Friedrich Nietzsche popularized the idea of eternal recurrence, that given enough time, events will occur again and again. NC State’s performance against UNC was proof positive of the theory — as well as a good reason to embrace Nietzsche’s nihilism — with NC State once again losing a game after being blown out in the third quarter.
“It kind of felt just like the Louisville game, going up in the first [half] and the second half just losing it,” said graduate defensive tackle Larrell Murchison.
The Wolfpack continued the story of its entire season Saturday as its offense returned to form thirty minutes into the game. After taking care of the ball in the first half, the unit turned the ball over on three of its five third-quarter possessions, and UNC capitalized each and every time the Wolfpack did. The Tar Heels were forced to punt on their first drive of the second half. Drives two through six? All touchdowns.
“We did absolutely everything possible to lose that game in the third quarter,” said head coach Dave Doeren. “It started with the penalties in the first drive that we got the football, and it went downhill from there.”
Freshman running back Zonovan Knight has been playing hurt pretty much this entire season, and it’s no secret that when he’s forced to leave the game, NC State’s offense struggles. Knight had a great first quarter, responsible for 59 yards, before having to briefly leave the game. The freshman returned but never looked the same, adding only 13 more yards and a fumble for the rest of the game.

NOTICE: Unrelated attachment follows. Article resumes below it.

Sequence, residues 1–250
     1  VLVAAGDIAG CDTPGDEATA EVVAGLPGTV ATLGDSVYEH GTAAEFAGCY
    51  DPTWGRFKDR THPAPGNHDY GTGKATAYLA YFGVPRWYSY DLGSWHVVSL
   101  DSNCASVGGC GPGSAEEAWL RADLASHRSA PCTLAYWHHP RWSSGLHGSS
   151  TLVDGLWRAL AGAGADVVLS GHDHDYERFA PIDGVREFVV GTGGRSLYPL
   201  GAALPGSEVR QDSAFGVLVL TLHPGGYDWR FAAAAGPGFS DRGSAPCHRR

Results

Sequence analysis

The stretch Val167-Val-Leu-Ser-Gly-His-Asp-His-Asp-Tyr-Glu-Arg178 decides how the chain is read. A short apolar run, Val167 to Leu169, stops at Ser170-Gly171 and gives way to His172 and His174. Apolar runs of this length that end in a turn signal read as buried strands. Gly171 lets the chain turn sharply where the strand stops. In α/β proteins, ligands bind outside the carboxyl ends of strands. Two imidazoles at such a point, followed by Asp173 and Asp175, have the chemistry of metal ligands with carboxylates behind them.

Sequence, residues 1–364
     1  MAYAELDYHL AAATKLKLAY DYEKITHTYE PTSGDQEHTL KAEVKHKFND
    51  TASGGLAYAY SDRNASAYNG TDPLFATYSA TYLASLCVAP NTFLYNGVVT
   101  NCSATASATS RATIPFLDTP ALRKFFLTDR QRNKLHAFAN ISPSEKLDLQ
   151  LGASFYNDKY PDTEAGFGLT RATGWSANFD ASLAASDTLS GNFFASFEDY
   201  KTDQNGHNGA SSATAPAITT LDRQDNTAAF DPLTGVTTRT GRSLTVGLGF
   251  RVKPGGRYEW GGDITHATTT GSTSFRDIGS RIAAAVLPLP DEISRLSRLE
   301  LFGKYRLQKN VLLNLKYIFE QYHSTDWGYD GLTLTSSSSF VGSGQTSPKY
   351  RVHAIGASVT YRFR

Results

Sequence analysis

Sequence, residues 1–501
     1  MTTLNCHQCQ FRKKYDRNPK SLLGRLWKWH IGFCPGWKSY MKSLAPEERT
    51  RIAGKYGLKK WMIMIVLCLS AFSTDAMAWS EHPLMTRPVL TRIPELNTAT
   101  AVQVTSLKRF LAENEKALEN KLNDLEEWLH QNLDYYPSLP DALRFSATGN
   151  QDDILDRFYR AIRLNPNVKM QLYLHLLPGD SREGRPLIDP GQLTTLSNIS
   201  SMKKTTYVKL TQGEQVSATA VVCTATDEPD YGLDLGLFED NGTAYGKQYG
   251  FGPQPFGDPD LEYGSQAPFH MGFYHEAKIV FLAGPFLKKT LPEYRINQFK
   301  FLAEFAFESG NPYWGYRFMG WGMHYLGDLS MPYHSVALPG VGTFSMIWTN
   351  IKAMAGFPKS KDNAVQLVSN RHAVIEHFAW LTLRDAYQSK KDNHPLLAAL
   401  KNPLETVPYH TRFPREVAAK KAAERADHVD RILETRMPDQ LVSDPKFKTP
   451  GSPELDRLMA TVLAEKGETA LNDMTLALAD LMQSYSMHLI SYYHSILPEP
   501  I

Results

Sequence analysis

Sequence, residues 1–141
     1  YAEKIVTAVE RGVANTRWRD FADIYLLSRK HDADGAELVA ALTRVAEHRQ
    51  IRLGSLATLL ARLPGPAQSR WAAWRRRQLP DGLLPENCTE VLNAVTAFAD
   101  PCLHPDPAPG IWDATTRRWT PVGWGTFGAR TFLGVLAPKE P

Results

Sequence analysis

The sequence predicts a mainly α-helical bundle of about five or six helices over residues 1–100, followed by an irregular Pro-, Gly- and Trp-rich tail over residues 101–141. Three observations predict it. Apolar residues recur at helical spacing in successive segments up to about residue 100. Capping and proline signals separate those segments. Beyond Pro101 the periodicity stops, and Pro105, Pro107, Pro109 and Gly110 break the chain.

With the Wolfpack starting to trail and the run game drying up, Devin Leary had the ball in his hands with a chance to stop the bleeding in the third quarter. Leary went 2 for 8 with two interceptions before injuring his foot, forcing him to leave the game. The defense, routinely put on the field in tough spots, seemed to fold. Tackling was a non-starter, and stopping the pass even more hopeless, and the Tar Heels did whatever they pleased.
NC State entered the half up 10-6. It entered the fourth quarter down 34-10.
The game was a fitting end for a season no one expected the Wolfpack to have, a disastrous 4-8 campaign caused by injuries, bad QB play and sloppiness with the ball. There’s a lot Doeren’s squad needs to clean up this offseason, and it starts with more disciplined play.
“[We] talked about it in the locker room,” Doeren said. “The only way that they had success in the first half was us jumping offsides on third down, us having stupid discipline-type penalties. We need to go out and play clean and execute. We come out, and we have three penalties on the first five plays on offense. That’s not good. That’s not executing, that’s not maturity, that’s not the type of football team we can win with.”
Doeren was noncommittal when asked about offseason changes, which was hardly surprising, but a common theme among the older players was that the adversity the young players have gone through this year will only make them better going forward. It has to. Doeren is in no danger of being fired this season, but he will go into his eighth year with a hotter seat. Player recruitment and development has been the foundation of his tenure with the Wolfpack, and the results need to come for these young guys.
“I’ve been on a 3-9 team before,” said graduate receiver Tabari Hines. “I know how the offseason is [afterward], how seriously the coaches take it, and next year is a better year. I just keep telling the guys, ‘Regardless of how this season ends, next year is going to be way better. You’re going to feel how you felt last year and play with that passion every game.’”